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Zebra stripes come in different patterns unique to each individual.

Crikey - More Animal Facts!

Our three male zebras arrived at Australia Zoo in June 2011 from Werribee Open Range Zoo. The unique stripes of zebras make these among the animals most familiar to people. They occur in a variety of habitats, such as grasslands, savannas, woodlands, thorny scrublands, mountains, and coastal hills.

(Equus quagga)

Zebras are African equids best known for their distinctive black and white stripes which come in different patterns unique to each individual. They are generally social animals that live in small harems to large herds. Unlike their closest relatives, horses and asses, zebras have never been truly domesticated.


The plains zebra is the most common and geographically widespread species of zebra. It ranges from the south of Ethiopia through East Africa to as far south as Angola and eastern South Africa. The plains zebra remains common in game reserves, but is threatened by human activities such as hunting for its meat and hide, as well as competition with livestock and encroachment by farming on much of its habitat.


Zebras feed almost entirely on grasses, but may occasionally eat shrubs, herbs, twigs, leaves and bark. Their digestive systems allow them to subsist on diets of lower nutritional quality than that necessary for other herbivores.


Female zebras mature earlier than the males, and a mare may have her first foal by the age of three. Males are not able to breed until the age of five or six. Mares may give birth to one foal every twelve months. She nurses the foal for up to a year. Like horses, zebras are able to stand, walk and suckle shortly after they are born. A zebra foal is brown and white instead of black and white at birth.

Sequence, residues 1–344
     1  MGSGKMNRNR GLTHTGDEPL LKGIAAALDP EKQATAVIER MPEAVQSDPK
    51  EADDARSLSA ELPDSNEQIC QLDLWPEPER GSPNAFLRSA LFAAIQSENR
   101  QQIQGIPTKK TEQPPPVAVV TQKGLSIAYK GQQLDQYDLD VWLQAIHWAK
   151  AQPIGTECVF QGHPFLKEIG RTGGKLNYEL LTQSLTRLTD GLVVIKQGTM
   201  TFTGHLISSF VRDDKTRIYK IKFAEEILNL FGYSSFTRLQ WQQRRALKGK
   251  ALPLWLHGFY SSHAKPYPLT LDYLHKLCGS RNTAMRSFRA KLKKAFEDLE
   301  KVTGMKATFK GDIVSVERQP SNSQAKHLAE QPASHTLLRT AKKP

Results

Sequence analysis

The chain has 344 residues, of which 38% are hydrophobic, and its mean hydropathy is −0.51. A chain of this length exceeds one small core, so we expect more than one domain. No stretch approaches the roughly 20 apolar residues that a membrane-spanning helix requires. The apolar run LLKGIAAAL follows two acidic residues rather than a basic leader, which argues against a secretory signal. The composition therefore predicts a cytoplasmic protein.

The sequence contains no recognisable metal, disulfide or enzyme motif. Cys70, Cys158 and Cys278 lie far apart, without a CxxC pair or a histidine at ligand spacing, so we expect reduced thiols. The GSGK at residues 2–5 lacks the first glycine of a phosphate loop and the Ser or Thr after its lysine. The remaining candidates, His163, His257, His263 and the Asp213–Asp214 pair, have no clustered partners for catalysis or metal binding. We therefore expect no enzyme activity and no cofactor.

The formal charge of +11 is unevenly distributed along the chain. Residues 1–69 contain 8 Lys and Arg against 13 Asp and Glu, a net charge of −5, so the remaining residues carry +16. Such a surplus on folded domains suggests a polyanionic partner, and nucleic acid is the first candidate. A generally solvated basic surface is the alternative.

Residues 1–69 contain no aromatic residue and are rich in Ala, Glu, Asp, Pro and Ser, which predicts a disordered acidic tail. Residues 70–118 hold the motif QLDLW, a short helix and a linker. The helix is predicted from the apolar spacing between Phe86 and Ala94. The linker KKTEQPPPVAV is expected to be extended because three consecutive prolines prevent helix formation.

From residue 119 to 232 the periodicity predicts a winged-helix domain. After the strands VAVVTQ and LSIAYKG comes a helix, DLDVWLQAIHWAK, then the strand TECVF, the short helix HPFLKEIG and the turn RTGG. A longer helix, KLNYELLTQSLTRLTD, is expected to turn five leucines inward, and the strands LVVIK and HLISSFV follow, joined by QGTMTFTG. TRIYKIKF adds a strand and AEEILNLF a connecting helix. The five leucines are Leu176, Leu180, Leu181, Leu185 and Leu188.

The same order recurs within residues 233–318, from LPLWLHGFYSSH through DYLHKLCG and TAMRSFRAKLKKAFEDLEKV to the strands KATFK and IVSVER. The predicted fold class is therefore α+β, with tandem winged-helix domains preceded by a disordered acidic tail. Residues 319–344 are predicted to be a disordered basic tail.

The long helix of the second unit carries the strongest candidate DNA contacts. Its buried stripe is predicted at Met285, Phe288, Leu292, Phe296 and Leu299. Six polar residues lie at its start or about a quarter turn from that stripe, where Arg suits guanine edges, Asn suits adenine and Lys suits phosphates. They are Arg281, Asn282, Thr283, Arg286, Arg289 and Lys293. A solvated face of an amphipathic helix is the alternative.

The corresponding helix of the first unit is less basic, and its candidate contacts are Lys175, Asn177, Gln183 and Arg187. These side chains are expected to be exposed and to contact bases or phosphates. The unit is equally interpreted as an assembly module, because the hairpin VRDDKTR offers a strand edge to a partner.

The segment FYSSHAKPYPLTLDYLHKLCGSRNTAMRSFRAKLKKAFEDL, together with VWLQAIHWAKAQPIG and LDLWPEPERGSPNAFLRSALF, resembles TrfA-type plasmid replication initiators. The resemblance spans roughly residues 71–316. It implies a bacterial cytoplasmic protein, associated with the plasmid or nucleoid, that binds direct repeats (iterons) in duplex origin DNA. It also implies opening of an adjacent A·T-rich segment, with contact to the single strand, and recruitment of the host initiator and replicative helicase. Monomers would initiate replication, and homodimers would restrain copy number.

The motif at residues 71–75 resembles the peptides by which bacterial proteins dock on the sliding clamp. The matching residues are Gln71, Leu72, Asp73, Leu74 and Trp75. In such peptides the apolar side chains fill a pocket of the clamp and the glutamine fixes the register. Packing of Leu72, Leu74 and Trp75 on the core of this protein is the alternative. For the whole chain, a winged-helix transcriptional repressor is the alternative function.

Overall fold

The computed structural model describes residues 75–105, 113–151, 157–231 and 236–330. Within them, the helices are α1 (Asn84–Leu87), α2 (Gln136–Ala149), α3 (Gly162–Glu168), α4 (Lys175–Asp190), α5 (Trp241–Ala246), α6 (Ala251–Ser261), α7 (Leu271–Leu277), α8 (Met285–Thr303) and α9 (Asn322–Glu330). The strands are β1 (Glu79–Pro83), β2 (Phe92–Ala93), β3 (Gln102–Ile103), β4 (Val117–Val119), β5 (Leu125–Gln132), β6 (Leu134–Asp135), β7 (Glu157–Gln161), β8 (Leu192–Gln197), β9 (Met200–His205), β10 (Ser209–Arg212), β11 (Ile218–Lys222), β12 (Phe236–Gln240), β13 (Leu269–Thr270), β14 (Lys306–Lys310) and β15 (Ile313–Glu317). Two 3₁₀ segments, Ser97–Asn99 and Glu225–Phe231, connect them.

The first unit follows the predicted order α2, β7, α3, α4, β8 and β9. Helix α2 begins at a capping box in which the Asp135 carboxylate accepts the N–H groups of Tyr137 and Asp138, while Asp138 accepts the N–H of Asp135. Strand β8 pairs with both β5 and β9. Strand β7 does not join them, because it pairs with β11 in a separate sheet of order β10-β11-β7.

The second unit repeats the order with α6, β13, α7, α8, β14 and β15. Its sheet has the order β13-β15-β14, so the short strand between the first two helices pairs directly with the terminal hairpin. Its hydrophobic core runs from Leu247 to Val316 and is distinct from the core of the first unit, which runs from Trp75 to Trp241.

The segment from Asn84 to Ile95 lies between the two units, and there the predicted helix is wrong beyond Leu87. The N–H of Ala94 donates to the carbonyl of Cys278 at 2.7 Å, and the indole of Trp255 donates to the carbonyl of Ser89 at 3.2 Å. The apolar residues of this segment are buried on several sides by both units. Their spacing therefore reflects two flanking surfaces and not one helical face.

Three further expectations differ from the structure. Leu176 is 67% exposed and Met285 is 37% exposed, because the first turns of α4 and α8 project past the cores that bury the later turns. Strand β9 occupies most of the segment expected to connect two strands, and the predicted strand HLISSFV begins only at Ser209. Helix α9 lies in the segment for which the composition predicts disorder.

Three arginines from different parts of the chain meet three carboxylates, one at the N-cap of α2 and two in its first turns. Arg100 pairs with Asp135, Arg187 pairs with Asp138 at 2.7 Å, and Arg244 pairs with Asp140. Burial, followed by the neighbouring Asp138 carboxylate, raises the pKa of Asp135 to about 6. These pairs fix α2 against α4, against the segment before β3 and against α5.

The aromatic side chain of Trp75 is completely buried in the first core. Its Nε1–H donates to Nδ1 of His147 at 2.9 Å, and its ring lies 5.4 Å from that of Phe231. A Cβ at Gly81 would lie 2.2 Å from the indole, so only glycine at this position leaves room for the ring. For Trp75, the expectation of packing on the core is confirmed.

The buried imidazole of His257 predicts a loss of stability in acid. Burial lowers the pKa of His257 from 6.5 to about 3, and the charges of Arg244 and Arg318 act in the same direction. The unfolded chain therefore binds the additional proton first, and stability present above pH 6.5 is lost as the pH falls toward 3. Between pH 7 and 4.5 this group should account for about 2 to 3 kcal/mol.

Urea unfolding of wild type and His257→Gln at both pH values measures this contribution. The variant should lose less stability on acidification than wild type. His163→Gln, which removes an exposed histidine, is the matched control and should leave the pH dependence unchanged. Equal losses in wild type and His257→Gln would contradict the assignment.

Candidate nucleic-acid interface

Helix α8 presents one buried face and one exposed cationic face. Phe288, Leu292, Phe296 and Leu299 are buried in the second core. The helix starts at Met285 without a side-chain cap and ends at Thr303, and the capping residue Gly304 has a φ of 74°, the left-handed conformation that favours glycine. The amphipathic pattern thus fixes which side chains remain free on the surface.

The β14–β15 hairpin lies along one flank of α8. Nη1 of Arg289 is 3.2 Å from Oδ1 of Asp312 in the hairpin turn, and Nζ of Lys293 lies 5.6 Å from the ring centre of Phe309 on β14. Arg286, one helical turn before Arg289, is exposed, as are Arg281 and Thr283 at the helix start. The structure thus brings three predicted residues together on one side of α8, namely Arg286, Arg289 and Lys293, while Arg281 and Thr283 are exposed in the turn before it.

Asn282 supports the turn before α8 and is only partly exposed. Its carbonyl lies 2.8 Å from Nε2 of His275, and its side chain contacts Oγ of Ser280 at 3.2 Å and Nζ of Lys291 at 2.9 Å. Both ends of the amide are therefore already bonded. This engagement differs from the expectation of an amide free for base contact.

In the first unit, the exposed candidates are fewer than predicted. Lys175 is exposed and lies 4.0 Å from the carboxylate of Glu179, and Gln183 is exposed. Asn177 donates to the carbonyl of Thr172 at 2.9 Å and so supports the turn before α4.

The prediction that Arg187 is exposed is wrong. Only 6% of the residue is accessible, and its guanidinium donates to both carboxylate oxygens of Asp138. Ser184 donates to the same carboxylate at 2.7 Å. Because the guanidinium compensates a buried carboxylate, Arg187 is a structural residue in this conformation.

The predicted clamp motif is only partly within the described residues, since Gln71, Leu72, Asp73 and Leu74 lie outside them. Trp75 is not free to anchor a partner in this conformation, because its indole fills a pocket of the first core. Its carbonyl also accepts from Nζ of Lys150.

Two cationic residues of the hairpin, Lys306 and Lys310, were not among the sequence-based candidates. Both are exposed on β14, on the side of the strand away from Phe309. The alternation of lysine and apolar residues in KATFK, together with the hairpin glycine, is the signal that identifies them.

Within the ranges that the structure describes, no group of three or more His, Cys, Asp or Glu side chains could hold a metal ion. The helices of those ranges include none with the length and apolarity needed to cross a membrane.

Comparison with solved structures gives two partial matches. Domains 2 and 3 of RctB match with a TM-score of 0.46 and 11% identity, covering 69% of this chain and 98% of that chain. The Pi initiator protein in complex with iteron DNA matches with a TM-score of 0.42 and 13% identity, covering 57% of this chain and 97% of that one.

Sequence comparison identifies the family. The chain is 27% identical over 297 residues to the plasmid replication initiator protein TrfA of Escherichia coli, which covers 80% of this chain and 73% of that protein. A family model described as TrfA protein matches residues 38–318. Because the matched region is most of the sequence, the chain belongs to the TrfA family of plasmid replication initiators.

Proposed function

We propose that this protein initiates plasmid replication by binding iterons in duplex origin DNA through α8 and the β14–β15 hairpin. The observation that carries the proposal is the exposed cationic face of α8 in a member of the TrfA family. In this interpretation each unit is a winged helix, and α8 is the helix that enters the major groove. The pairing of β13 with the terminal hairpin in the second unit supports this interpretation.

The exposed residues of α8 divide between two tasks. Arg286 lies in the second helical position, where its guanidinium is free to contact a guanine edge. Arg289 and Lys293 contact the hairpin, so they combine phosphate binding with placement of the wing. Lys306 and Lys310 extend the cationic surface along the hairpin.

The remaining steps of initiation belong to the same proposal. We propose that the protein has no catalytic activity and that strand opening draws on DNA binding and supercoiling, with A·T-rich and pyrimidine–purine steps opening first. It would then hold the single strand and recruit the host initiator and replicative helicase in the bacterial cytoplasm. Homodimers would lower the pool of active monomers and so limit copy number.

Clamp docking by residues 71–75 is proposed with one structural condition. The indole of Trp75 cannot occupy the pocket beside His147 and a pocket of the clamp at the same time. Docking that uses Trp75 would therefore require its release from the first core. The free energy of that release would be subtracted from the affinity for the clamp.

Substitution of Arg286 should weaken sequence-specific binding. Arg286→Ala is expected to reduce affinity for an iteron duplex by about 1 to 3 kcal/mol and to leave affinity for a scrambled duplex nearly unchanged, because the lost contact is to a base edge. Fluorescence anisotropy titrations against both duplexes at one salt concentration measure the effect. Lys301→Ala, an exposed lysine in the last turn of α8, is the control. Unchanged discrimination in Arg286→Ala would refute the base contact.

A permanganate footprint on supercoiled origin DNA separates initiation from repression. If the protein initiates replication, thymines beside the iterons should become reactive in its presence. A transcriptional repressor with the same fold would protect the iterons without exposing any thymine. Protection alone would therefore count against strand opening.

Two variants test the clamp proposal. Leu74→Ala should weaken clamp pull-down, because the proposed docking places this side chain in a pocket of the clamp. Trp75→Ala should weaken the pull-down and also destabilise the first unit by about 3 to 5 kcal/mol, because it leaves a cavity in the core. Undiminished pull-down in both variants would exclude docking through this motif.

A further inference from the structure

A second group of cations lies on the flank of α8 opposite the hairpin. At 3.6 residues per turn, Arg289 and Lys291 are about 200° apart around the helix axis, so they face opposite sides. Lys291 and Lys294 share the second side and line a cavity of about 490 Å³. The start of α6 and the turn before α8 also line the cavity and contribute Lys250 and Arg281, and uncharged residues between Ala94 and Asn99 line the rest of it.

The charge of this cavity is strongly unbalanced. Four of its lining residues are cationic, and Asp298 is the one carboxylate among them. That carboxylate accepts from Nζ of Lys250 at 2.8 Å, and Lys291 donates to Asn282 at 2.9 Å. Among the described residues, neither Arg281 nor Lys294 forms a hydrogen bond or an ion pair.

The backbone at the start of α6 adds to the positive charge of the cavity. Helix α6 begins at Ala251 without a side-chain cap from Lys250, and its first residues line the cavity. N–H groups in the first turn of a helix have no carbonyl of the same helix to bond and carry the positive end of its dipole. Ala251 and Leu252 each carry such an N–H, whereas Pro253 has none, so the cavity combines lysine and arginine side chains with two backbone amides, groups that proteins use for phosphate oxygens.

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On DisplayOur Amazing Zebra(s) are currently on display
On display in Africa

Zebra Profiles

Michael Zambeze

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Zebra Profiles



Sex: Male

Michael was born in 1996 at Werribee Open Range Zoo in Victoria and came to Australia Zoo in June 2011.

He is a big zebra, very tall and solid and is therefore easy to tell him apart from dinky little Zambezi.

Michael can be quite nervous around people with his swishing tail giving away his apprehension. However, with a lot of work from his keepers, he has come a very long way and will now accept being touched and checked over up close.

Whilst being a nervous zebra around people, Michael is very bossy with the other animals in the display paddock and will try and push the giraffe away from food at times - if there is one thing that Michael LOVES, it is food!



Zambeze enjoying retirement at Australia Zoo
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Sex: Male

I am the newest addition to the bachelor group at Australia Zoo. I moved here in April 2012 from the National Zoo in Canberra. My genes are very well represented in the region as I have had many children so I have moved to Queensland to retire.

My keepers have made my move here very easy. They spoil me with lots of yummy food and have also started conditioning me to being patted, which I am starting to enjoy!

You will often see me grazing away from the other zebras in the African Savannah. Although I like having other animals around me, I prefer having plenty of space to myself.